the restitution of truth - Keith Hunt)

     Jewish scholars think the prayer that comes next, "Pour out
Thy Wrath," originated during the Middle Ages when Jews were
severely persecuted for the faith, especially at Passover time.
This prayer is not found in the earliest editions of the
Haggadah. It calls for God's judgment on the heathen, and it
sounds rather harsh. But taken in context with the other prayers
given above for the coming of Elijah, it fits into the pattern of
thought: "May God send the Messiah, heralded by the prophet
Elijah, to vanquish all our enemies and set up His Kingdom of
peace."

(The Jews pray for the still coming of the Messiah, while they
cannot see that He already came in the form of Jesus Christ, two
thousand years ago. Yet the Messiah will come and the Jews will
in that day recognize Him as the prophet Zechariah tells us in
chapters 12 and 13. See my expounding of that prophetic book on
this Website - Keith Hunt)

     The leader now sends one of the children to open the door to
see if Elijah is coming in answer to the prayers. The words are
not prescribed until later in the Haggadah reading, but just as
the door is being opened, everyone usually exclaims: "Blessed is
he who cometh in the name of the Lord" The youngsters are
round-eyed with awe as the door slowly creaks open. A gust of
cool night air sweeps into the room but no one is there. Oh well,
maybe next year. The child closes the door and comes back to the
table.

     Next the host leads in the recitation of the second portion
of the Hallel, Psalms 115 to 118. These verses are the same as
those of Temple times. They lead into the Great Hallel, which is
Psalm 136. In this well-known psalm, the Levitical choir in the
Temple sang out the praises of Jehovah and the great events of
Israel's history. At the end of each phrase or line, the
congregation responded, "For His kindness endureth forever!"
The earliest commentaries (Pesahim 10:7 of the Mishnah) record a
"Benediction of Song" after the Hallel. The Talmud, which is a
commentary on the Mishnah, teaches in Berakbot 59b that one of
these benedictions was the Great Hallel and another was at least
some part of a hymn called "The Breath of Every Living Thing."
     This closing hymn before the fourth and final cup of wine is
again a prayer of praise and thanksgiving. It begins: "The breath
of every living thing shall bless Thy Name," and ends: "Blessed
art thou, 0 Lord, God and King, who art mightily praised, God of
thanksgivings, Lord of wonders, who chooses song and psalm, King,
God, the life of the world." Once again, everyone at the table
lifts his wine glass and chants the blessing over wine. Everyone
drinks from the fourth cup. This last cup of the Passover seder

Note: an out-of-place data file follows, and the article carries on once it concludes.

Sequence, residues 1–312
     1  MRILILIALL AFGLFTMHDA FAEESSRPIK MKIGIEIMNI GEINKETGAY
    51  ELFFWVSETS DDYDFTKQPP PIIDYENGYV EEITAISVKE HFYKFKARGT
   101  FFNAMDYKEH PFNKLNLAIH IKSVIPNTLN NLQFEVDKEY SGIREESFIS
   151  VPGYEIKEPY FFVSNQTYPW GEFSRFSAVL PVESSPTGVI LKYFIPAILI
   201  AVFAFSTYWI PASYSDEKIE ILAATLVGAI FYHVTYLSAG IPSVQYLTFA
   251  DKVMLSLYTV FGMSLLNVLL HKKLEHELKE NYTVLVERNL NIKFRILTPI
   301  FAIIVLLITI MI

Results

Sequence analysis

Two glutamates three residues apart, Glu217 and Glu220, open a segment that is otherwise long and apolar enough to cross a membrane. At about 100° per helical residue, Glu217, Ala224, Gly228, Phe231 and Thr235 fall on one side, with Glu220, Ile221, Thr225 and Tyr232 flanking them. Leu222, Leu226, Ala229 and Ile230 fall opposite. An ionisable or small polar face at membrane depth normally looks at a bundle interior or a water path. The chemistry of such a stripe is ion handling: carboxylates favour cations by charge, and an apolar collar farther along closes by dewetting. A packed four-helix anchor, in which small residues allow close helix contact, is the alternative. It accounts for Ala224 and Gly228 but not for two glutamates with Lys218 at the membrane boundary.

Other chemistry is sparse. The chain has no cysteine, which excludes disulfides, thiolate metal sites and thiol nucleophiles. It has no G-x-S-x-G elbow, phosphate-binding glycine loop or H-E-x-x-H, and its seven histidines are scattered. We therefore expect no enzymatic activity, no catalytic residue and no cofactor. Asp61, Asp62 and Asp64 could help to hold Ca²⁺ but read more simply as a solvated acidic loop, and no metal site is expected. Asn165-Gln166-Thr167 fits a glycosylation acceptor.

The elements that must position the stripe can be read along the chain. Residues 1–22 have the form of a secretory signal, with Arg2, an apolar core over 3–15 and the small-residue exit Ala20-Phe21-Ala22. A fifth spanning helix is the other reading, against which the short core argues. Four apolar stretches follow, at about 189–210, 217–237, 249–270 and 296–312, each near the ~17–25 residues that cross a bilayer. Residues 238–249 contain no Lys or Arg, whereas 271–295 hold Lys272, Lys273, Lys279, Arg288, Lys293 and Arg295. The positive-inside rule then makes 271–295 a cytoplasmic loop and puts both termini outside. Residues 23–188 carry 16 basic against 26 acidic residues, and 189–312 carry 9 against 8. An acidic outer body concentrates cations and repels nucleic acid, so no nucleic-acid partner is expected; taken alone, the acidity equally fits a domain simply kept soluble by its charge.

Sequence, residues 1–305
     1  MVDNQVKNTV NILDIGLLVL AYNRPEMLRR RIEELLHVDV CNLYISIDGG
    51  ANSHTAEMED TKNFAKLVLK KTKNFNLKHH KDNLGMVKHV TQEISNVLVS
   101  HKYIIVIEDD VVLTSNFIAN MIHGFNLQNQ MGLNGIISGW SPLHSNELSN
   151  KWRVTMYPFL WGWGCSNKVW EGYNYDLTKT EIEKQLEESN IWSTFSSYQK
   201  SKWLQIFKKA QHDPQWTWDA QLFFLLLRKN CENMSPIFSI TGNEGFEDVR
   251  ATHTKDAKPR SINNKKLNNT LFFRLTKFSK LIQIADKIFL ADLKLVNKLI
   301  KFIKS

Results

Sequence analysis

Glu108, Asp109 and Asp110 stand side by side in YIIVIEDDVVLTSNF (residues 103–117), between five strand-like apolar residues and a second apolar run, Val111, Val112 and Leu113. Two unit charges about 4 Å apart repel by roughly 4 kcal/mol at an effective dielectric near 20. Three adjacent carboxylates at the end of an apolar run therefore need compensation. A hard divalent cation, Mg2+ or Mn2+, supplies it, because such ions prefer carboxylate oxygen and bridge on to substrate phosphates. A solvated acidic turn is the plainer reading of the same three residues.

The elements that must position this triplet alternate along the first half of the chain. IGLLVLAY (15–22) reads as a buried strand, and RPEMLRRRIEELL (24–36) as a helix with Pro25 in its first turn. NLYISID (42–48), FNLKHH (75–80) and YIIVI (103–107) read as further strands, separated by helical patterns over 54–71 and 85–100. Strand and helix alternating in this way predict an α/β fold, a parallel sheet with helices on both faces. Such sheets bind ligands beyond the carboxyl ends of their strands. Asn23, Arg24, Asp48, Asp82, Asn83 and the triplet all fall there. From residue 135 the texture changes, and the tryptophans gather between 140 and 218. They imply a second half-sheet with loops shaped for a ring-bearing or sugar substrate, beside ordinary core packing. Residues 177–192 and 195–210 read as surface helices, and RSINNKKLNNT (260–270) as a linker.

commemorates the verse in Exodus 6:7: "And I will take you to me
for a people."

     One of the modern versions of the Haggadah 1  comments very
aptly on the fourth cup and the verse it commemorates: "The
redemption is not yet complete. The Fourth Cup recalls us to our
covenant with the Eternal One, to the tasks that still await us
as a people called to the service of God, to a great purpose for
which the people of Israel live."
     The editors of that particular Haggadah see the purpose of
Israel as being "The preservation and affirmation of hope." But
we, who are familiar with the promises and prophecies of
Scripture, see a greater purpose for Israel that of one day
proclaiming to the whole world that the Messiah is, indeed,
Saviour and King!

     Because of the words, "I will take you to be my people,"
some call this fourth cup the cup of acceptance. Others prefer to
call it the cup of Elijah. There is merit to both titles, for
Elijah will yet come to herald the redemption that will be
complete only when Israel fulfills God's entire plan; that is,
when Israel recognizes and proclaims the Messiah (Zechariah
12:10), she will truly be the people of God, as foretold in
Jeremiah 32:38-40.

     And now, at last, with the drinking of the fourth cup, the
seder is drawing to a close. Happy songs and festivity often
continue afterward late into the night, but the service
......

1 Herbert Bronstein, ed., "The New Union Haggadah," rev. ed., p.
91.
......


officially ends with one last prayer for the rebuilding of
Jerusalem:

Concluded is the Passover seder,
According to its law and custom. 
As we have lived to celebrate it, 
so may we live to celebrate it again. 
Pure One, who dwells in his habitation 
Redress the countless congregation. 
Speedily lead the offshoots of thy stock 
Redeemed, to Zion in joyous song. 
NEXT YEAR IN JERUSALEM! 1
......


1 Jewish people already living in Israel say instead: "Next year
in Jerusalem rebuilt!"
......

                       .............................


Note:

So it is that the Jews without Christ in the Passover, live in
the past, praying for the prophet Elijah to come and reveal good
news to them. He will come and he will reveal good news to them
and all the world, but most will never know he came and restored
all things, they will blindly go their way, tripping over the
truth, picking themselves up, dusting themselves off, and walking
on as if never seeing it. Then will come the end of this age,
then will come the Messiah, then the blindness will be lifted
from all faces, then the world will see who the Elijah was, and
who the Christ Messiah is. Then the covering cast over all faces
will be lifted, light of truth will pour into their minds, and
all people will finally rejoice as the knowledge of God will
cover this earth as the waters cover the sea beds. Then all will
know Christ in the Passover.

Keith Hunt

February 2010